After a deadly betrayal by a mysterious, “voice” that calls himself Max, five close-knit CIA operatives are forced to disappear, fall off the grid, and live defeated, non-existent lives. Getting back at Max is essentially what The Losers is all about. Clay, the leader of the group, stages a bid for revenge against Max, with the help of Aisha, a deadly woman who seeks revenge for her own personal reasons.
Here, in 2010, we’re seeing the re-emergence of these kind of team-based buddy films and with upcoming movies such as The A-Team and The Expendables, I have to admit, I hold a guilty-pleasure giddiness in anticipation of these movies. Perhaps a big part is nostalgia from having grown up in the 80’s. I came into the Losers with that giddiness and excitement, but in the end was ultimately let down.
The film starts with a forgettable intro sequence and job description of each member – which is about as deep as the movie gets with its characters. We simply know they’re the good guys because they risked everything in an attempt to save some children. Max is the bad guy because he blew up the children. The only thing that survived the heap of twisted metal is a stuffed bear. The five losers don’t have a lot of complexity to them, but hey, this is a fun action movie. The film instead relies on the humor and fun-loving camaraderie they have with each other, but unfortunately each funny line, bad joke, and chummy fist bump feels contrived due to awkward delivery, bad writing, and just odd placement. There is absolutely no seamless integration of this kind of fun. But don’t get me wrong, there are a few rare moments where this does work, just watch the trailer to see them all.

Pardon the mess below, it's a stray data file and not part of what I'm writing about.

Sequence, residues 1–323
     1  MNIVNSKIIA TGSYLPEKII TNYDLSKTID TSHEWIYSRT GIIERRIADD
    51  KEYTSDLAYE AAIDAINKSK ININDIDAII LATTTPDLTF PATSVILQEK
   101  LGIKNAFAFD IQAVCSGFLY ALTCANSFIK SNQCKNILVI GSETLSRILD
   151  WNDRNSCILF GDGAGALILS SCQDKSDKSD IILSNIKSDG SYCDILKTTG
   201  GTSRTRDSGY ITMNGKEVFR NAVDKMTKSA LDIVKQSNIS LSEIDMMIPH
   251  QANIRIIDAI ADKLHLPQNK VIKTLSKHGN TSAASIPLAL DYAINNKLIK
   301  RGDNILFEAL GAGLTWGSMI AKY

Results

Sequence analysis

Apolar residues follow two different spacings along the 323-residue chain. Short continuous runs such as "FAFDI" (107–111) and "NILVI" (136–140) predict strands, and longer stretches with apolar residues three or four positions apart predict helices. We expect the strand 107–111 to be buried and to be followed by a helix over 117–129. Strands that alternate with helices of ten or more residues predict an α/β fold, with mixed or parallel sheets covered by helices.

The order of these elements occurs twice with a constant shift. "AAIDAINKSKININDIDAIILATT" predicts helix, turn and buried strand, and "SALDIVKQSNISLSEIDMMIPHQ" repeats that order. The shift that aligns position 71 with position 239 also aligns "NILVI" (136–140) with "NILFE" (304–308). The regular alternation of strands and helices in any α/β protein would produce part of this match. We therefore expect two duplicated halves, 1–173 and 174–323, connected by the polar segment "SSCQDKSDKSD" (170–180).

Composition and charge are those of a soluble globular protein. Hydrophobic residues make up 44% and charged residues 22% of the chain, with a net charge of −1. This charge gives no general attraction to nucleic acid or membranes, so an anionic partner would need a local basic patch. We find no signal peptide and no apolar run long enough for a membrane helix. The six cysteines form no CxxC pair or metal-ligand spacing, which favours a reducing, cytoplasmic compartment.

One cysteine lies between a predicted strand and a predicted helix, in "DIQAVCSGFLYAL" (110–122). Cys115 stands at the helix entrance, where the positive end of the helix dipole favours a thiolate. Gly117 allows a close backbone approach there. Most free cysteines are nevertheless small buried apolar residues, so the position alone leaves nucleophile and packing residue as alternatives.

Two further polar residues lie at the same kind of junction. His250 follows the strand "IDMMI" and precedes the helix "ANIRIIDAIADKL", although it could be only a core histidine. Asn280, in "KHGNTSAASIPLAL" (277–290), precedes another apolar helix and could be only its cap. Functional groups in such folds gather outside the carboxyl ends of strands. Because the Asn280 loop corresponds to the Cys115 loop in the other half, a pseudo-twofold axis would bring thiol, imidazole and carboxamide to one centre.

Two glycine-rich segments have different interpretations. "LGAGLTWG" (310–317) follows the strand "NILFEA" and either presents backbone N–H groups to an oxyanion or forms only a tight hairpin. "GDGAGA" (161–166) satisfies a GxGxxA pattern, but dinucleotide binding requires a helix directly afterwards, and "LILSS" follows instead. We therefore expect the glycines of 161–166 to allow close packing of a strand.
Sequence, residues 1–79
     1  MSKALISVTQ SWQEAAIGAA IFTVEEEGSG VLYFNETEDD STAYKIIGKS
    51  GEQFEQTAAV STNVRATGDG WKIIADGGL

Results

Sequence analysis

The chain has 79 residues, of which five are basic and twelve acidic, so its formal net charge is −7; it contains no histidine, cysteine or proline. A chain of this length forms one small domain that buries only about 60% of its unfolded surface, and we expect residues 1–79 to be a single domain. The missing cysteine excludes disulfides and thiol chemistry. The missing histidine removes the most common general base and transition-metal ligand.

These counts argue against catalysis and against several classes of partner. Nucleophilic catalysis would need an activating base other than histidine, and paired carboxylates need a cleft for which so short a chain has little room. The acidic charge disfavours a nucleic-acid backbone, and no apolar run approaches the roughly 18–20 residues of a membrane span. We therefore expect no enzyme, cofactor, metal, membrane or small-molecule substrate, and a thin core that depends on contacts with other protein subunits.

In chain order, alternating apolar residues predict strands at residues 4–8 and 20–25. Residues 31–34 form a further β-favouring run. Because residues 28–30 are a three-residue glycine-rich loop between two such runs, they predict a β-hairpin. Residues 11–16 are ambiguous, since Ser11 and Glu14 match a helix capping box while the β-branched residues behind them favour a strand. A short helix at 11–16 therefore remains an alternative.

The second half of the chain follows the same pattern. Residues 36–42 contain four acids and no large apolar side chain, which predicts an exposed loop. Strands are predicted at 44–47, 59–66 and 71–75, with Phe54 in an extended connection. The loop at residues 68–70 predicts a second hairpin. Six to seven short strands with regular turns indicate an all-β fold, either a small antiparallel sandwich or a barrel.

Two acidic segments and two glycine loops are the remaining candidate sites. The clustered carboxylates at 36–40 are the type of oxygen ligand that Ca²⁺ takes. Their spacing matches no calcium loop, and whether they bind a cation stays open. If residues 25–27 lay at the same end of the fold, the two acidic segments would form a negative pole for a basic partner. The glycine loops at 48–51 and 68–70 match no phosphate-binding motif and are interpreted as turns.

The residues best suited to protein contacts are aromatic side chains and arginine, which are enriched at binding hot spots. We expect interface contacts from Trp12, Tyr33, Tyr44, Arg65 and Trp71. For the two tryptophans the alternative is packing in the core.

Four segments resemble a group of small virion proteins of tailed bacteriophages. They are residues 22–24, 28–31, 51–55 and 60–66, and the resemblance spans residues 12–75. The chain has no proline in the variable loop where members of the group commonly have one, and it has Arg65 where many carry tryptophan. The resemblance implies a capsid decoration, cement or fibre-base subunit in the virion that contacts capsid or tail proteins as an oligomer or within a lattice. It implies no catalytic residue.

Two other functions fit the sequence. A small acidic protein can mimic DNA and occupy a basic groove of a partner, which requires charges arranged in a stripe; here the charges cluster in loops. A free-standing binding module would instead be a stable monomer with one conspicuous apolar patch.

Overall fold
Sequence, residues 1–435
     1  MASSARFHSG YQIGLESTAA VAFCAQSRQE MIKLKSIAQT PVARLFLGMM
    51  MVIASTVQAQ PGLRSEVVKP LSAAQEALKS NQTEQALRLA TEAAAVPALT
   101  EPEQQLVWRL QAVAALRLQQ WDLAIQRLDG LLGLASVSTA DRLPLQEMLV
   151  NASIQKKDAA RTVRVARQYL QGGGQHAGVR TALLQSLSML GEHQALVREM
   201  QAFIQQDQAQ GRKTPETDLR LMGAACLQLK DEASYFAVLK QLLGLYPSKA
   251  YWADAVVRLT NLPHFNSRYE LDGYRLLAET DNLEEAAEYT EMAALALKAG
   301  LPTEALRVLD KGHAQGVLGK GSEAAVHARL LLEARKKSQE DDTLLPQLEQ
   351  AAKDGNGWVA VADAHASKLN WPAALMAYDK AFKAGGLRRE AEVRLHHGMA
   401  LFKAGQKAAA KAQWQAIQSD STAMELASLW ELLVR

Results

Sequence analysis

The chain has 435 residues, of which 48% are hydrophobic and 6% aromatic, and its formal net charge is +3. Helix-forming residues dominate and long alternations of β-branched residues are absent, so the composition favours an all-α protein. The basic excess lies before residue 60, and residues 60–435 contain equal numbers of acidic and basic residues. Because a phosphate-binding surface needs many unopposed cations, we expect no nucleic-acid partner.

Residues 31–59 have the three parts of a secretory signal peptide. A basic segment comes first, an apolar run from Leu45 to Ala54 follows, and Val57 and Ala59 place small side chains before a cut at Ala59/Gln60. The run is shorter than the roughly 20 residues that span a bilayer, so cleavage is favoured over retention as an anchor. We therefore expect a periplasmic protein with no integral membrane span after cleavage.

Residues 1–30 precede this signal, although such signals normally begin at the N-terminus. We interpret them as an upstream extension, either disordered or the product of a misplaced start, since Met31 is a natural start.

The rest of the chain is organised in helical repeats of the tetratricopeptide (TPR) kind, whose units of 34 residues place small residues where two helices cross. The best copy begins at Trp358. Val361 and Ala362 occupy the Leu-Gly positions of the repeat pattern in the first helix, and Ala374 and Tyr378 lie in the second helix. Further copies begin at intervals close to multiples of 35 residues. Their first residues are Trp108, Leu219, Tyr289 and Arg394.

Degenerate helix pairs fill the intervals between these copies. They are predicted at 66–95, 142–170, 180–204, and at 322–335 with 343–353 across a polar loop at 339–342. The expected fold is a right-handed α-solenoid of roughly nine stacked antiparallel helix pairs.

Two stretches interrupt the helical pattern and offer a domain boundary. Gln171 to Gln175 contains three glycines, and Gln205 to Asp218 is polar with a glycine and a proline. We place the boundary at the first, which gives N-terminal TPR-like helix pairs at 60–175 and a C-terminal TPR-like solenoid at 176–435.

The Losers are a mobile bunch jetting across multiple continents and racking up some serious frequent flyer miles for their revenge scheme (and coincidentally stopping Max from shipping out new and terrifying weapons of mass destruction), and the films $25 million dollar budget keeps these locations tight. This is an impressive, ambitious feat for that budget, even if the film doesn’t explore every alley and side street of the locale.
However, the real flop in this film is Slyvian White’s direction. There are good actors in this film, Chris Evans, Jefferey Dean Morgan, and Zoe Saldana, all reach for what they can, but they’re just not given much fun stuff to do. Chances for their character quirks to shine during slow moments of exposition are lost and instead we’re just given just that: boring, slow moments of exposition. White’s Director of Photography, Scott Keavens, is doing his best Tony Scott impression through natural lighting and shaky-cam, and the editor followed his lead with kinetic cuts everywhere in the movie. All of which didn’t quite work, because the film doesn’t have the same electricity and intensity of a Scott movie and the action and fight sequences were too few and sub-par.
The Losers gave up what slight chance it had at stylistic ingenuity through badly chosen derivatives and careless artistic choices. The actors were wasted on an unpolished script that had them spouting lines that they themselves didn’t seem to commit to, and the directors vision, while ambitious, was unfocused. The film lacked any exciting action sequences, and the caper scenes ignored the opportunity to use these unique characters for clever execution. The film hinged itself on fist bumps, hand slaps, and slo-mo, which got boring very quickly. I didn’t expect this movie to be great; I hoped it to be clever and, lots of fun.